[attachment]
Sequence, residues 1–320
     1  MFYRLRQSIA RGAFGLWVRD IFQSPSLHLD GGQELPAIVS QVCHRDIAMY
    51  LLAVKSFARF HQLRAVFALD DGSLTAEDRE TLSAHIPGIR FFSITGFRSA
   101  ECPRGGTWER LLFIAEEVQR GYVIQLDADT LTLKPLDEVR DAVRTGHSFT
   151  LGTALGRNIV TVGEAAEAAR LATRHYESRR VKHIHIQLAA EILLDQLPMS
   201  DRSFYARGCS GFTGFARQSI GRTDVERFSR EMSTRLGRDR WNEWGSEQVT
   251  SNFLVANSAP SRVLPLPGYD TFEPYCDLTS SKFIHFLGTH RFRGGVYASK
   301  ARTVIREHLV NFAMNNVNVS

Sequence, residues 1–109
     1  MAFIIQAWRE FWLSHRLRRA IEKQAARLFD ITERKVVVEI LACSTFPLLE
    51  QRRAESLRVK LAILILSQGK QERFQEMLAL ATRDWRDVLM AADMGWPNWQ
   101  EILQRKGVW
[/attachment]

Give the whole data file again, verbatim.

Sequence, residues 1–320
     1  MFYRLRQSIA RGAFGLWVRD IFQSPSLHLD GGQELPAIVS QVCHRDIAMY
    51  LLAVKSFARF HQLRAVFALD DGSLTAEDRE TLSAHIPGIR FFSITGFRSA
   101  ECPRGGTWER LLFIAEEVQR GYVIQLDADT LTLKPLDEVR DAVRTGHSFT
   151  LGTALGRNIV TVGEAAEAAR LATRHYESRR VKHIHIQLAA EILLDQLPMS
   201  DRSFYARGCS GFTGFARQSI GRTDVERFSR EMSTRLGRDR WNEWGSEQVT
   251  SNFLVANSAP SRVLPLPGYD TFEPYCDLTS SKFIHFLGTH RFRGGVYASK
   301  ARTVIREHLV NFAMNNVNVS

Sequence, residues 1–109
     1  MAFIIQAWRE FWLSHRLRRA IEKQAARLFD ITERKVVVEI LACSTFPLLE
    51  QRRAESLRVK LAILILSQGK QERFQEMLAL ATRDWRDVLM AADMGWPNWQ
   101  EILQRKGVW